MOULTRIE -- One of the first arguments voiced against homeschooling is the inability of the student to interact with his or her peers. But a Moultrie group has stepped up to cancel that argument.

The Moultrie Christian Homeschoolers Associating Together (CHAT) co-operative provides a way for parents of homeschooled children to come together and support each other.

Moultrie CHAT Director Mandy Farmer said the group, in only its second year, meets each Tuesday at First Church of the Nazarene on 12th Avenue Southeast during the regular school year to support area homeschooled children. At each meeting, the children are taught subjects such as science, music and art.

The group was formed to allow for interaction among homeschooled students, and Farmer said it provides parents and children an opportunity to associate with others who have similar values. The group allows students to meet on a more regular basis, which helps the children develop closer relationships with each other.

Moultrie CHAT held its first meeting of the 2005-2006 school year Tuesday, Farmer said. There were approximately 30 students at the first meeting, ranging from preschool age to 15 years old.

Farmer said the group is divided among preschool- and kindergarten-aged children in one group and students from second grade and up. The younger children have play time, show and tell, games, art and music, and the older children meet in actual classroom settings.

Each meeting is divided among a four-week rotation, and Farmer said each week provides the students with something different. The first meeting each month is reserved for field trips; science labs and handicrafts/chess club the second week; speaking class and an open period during the third week; and science lab and art for the fourth week.

Amy Bloodworth, early education director, said the younger children have lots of hands-on projects to do, as they have a nature theme for their meetings. The children also have art lessons taught by parents, and they are planning a production for parents in November.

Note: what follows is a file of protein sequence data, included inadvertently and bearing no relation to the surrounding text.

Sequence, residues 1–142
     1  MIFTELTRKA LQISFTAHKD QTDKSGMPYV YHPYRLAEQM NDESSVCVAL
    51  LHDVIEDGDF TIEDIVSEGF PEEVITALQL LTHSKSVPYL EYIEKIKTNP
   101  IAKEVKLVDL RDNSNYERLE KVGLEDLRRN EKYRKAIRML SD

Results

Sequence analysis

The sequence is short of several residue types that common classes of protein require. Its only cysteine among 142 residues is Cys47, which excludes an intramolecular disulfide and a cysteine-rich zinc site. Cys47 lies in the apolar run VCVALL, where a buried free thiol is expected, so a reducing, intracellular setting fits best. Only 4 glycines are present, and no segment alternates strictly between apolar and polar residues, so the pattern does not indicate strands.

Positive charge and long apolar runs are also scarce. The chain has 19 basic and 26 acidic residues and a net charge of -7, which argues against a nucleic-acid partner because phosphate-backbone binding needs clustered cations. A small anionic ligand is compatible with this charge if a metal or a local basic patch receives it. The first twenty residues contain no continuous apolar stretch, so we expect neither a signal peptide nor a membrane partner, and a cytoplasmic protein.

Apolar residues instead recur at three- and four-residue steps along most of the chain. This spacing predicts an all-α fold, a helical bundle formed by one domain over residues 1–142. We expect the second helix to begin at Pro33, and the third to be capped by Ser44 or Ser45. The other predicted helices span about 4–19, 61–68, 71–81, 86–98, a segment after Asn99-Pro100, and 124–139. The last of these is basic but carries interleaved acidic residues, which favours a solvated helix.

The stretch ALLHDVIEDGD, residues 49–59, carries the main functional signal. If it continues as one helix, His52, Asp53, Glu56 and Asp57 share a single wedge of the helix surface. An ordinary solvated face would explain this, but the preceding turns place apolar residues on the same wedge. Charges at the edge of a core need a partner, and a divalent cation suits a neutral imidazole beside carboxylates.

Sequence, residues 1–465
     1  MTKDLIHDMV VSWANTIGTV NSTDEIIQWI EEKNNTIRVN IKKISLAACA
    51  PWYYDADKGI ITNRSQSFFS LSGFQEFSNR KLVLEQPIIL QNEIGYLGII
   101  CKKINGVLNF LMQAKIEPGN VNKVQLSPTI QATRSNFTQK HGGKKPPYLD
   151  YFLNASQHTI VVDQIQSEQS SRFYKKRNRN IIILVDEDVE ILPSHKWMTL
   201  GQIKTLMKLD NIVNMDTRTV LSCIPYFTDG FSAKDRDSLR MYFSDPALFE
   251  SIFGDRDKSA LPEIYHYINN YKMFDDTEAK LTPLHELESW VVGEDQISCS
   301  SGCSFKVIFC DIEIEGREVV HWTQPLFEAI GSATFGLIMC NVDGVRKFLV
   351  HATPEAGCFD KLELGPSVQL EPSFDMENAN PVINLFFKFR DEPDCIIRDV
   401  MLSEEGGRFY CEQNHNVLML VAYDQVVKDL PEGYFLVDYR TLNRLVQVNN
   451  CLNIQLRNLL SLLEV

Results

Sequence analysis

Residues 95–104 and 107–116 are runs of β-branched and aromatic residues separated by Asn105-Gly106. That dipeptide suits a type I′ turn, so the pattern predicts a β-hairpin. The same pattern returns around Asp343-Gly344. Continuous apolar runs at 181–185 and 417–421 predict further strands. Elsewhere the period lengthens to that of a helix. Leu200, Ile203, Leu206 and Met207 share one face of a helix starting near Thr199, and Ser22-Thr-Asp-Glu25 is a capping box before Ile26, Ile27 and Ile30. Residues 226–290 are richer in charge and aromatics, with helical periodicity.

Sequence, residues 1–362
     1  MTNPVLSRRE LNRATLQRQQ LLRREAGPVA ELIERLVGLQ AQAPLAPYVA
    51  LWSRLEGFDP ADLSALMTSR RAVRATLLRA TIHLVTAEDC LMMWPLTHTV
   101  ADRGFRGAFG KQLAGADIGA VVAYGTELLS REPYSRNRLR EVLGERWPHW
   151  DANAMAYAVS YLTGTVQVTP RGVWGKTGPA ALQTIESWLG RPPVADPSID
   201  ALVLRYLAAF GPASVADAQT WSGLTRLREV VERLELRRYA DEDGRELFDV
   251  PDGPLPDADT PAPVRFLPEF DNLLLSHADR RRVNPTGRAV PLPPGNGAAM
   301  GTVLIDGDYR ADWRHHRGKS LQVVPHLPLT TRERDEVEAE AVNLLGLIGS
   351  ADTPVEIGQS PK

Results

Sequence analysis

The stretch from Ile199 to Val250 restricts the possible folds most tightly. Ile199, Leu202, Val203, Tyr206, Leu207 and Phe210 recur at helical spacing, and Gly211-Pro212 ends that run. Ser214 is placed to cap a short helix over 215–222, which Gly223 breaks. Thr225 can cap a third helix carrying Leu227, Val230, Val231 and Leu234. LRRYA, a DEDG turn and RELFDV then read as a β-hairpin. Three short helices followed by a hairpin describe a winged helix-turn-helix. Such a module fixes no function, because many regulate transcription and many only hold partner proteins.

Students are encouraged to come each week the group meets and parents need to come and stay at each meeting, Farmer said. Parents each help the co-operative in some way, whether through teaching a class, planning a field trip, providing meals or in some other way.

Kathy Nelson, whose 10-year-old daughter, Linnie, is part of Moultrie CHAT, said the group has helped the students interact and get along with each other. It has helped them to form a strong family bond among each other, she said.

The students are very eager to learn when they come each week, Nelson said. Parent interaction among the students is also a big part of the group; Nelson serves as the art teacher.

Homeschooling is important because it provides more personal attention to the child than public schools can provide, Nelson said. She said she started homeschooling Linnie while living in Jacksonville, Fla., because she felt it was the best thing for her daughter.

"A child can move at their own pace," Nelson said, "and it really enforces 'no failure' for the child."

Farmer said anyone interested in attending Moultrie CHAT is welcome to come to one of their weekly meetings before enrolling their child. Students can be enrolled at any time during the year, and there is a $32 enrollment fee for the year, along with small expenses to help with supplies.

The only requirement to enroll in the Christian groups is to sign a form stating that both the parent and student agree with basic Christian beliefs, Farmer said. The group is open to any homeschooled student of any denomination, she said.

For more information, visit the group's Web site at www.moultriechat.com or call Farmer at 985-6169. She can also be reached through e-mail available through the group's Web site.

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